For some reason, this entry resisted clean-up through the WordPress system so I have disposed of the offending original and re-posted this one.
S. J. Payling wrote a short article back in 1998 that grappled with the unresolved problem of violence, order and the judiciary in fifteenth-century England. The problem, as it appears in many studies of Late Medieval English gentry, concerns the apparent lack of teeth in the English judicial system when it comes to the prosecution of violent crimes, especially when it concerns issues of property and inheritance. The argument is that despite all the bluster of the courts and the Crown, “coercive royal justice” was unable to “control the level of conflict through the deterrence of punishment.” Part of this failure is ascribed to corrupt local officials who had little incentive to stick to the letter of the law. Most “violent self-help” was controlled at the local, social level and the crown, excluded from the process, appears weak and incapable of maintaining order on its own authority.1
Most studies tend to frame this violence in very mechanical ways based on the identification of some obvious material gain for the offenders. That violence was not endemic is explained through a balance of local and regional controls that managed to contain violence and to limit its spread.2 I have never found that theory entirely satisfying, mostly because many violent events have no obvious material purpose. Also, if the Crown was unable to prosecute most of these violent offenders, what makes us think that the locals were any more capable of controlling it? What was the mechanism of control?
Payling looked at two murders from the last half of the fifteenth century, one emanating from a dispute over land and inheritance, the other from some sort of romantic triangle and conspiracy. There was the regular corruption and duplicity in the legal actions following the violence and plenty of under-the-table movements of patronage, money and land and both perpetrators ultimately avoided any substantial punishments for their actions. This, on its face, seems to fit expectations, but Payling draws attention to a subtle subtext at work which explains the ambivalent attitude towards this sort of violence and its control.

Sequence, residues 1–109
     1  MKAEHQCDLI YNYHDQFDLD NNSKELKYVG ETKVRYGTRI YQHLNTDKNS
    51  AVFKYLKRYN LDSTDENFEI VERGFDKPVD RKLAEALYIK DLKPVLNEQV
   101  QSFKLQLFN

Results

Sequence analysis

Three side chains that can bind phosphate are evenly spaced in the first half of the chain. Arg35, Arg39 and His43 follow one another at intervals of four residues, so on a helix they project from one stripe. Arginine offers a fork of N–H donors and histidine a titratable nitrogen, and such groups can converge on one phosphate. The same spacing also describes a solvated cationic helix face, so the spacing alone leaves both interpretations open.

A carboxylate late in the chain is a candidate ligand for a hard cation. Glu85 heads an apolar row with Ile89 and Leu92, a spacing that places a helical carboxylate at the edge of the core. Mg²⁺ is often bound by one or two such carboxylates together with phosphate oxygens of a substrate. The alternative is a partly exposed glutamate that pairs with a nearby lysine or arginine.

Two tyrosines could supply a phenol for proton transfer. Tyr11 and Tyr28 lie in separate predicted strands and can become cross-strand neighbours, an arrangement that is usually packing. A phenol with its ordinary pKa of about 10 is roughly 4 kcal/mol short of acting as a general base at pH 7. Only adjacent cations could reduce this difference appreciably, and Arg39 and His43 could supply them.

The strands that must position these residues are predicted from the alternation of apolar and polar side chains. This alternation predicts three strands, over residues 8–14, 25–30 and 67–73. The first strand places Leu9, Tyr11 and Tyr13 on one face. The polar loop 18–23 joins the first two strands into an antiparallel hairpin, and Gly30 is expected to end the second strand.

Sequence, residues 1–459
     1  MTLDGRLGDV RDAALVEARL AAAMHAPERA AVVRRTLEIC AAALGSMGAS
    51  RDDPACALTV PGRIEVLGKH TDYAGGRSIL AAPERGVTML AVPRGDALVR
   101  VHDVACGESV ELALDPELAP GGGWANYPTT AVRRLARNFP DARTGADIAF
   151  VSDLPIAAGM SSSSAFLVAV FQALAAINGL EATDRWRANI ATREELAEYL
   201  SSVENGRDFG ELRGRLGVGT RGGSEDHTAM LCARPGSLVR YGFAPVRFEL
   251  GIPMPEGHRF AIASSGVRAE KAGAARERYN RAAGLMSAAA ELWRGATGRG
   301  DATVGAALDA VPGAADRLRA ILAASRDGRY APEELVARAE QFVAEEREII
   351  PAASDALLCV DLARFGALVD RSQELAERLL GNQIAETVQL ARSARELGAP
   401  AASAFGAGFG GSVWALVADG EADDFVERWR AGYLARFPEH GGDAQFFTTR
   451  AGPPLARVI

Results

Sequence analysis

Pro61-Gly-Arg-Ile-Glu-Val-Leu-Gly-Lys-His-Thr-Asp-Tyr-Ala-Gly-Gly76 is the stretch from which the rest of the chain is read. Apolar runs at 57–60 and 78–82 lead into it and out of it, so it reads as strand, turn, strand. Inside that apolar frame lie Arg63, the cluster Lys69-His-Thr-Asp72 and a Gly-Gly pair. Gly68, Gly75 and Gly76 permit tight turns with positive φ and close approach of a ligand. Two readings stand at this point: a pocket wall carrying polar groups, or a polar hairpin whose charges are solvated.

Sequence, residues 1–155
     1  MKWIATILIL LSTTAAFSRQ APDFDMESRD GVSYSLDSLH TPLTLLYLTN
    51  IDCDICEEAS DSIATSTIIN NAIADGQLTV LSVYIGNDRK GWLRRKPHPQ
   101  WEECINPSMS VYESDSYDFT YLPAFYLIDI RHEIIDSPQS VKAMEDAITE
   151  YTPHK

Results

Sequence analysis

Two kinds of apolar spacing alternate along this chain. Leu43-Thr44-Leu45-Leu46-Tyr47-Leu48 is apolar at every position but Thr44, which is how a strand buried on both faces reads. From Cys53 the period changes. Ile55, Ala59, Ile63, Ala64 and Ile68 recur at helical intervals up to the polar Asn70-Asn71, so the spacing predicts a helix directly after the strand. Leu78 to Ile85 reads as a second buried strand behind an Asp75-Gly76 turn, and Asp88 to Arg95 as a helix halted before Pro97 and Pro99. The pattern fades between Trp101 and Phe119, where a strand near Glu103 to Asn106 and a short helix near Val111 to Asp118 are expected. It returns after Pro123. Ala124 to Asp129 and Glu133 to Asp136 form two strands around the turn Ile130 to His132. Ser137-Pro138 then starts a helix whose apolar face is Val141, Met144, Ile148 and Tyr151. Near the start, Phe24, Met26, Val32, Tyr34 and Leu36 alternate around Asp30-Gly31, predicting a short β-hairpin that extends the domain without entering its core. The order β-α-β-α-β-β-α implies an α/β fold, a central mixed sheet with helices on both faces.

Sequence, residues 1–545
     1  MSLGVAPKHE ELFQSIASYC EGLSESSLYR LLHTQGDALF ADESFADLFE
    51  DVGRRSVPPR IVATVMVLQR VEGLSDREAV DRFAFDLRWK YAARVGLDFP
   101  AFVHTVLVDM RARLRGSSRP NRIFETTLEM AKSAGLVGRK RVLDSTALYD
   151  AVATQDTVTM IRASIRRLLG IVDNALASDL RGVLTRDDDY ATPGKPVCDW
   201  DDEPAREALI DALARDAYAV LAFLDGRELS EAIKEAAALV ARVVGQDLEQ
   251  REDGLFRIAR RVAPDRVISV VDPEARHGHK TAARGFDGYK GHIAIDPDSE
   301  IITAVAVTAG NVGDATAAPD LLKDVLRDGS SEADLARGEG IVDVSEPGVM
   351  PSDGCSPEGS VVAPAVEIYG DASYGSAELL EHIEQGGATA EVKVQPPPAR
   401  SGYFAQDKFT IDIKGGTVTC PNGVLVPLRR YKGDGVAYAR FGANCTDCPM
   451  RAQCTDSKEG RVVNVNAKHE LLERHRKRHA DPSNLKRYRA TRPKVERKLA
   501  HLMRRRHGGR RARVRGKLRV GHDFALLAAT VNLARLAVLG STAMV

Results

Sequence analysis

For me, the most telling detail appeared in the love-triangle murder conspiracy of John Chaworth of Kirtlington, Nottinghampshire, killed in his home by a group of hired thugs, in the presence of his own wife who was accused of arranging the hit with her lover, and John’s servant, Robert Marshall. Prosecutors from John’s family made moves in Parliament to keep the conspirators from seeking royal pardons, something easily done at the time. The provisions passed in the Commons set heavy penalties for the conspirators if they failed to appear or if they escaped. These penalties were payable partly to the Crown. The accused managed to violate these provisions with relative ease but the penalties were never imposed. Considering that the Crown would have benefited handsomely from the fines imposed, this suggests that there was some other reason to look the other way. Political or regional interests were not relevant here, nor was there any concern that the fines could not be collected. The record is clear that the Crown was happy to bend in whichever direction was most financially expedient in these cases.
Payling suggests that the Crown declined to prosecute many of these acts of private violence because they were just that – private, and unlikely to escalate beyond the immediate players in the drama. Violence did self-regulate, but at a much lower, smaller, more personal level than previously described. In 1480, the widow of Robert Marshall, possibly Margaret Chaworth, brought charges against a “gentleman and three lesser men… for the murder of her husband.”3 Payling is probably right in thinking that John’s son, now an adult, had a hand in this delayed justice. The message is fairly clear that gentry violence was allowed so long as it stayed between the parties. Order, in this case, was maintained through arms-length observation of events and while our modern sense of justice is deeply offended, the medieval Crown had no real problem with it. It’s quite possible that the local population felt the same.
There is more to this, I am sure, but that’s about all the heavy thinking I am capable of today.
1 S. J. Payling,’Murder, Motive, and Punishment in Fifteenth-Century England: Two Gentry Case-Studies’, The English Historical Review 113, no. 450 (1998): 1-17.
2 Works on the English gentry that also touch violence are Christine Carpenter, Locality and Polity: A Study of Warwickshire Landed Society, 1401-1499 (Cambridge: Cambridge University Press, 1992), Phillipa C. Maddern, Violence and Social Order: East Anglia, 1422-1442 (Oxford: Clarendon Press, Oxford University Press, 1992), and P. R. Coss, ‘The Formation of the English Gentry’, Past & Present, no. 147 (1995): 38–64, to name a few.
3 Payling, 15.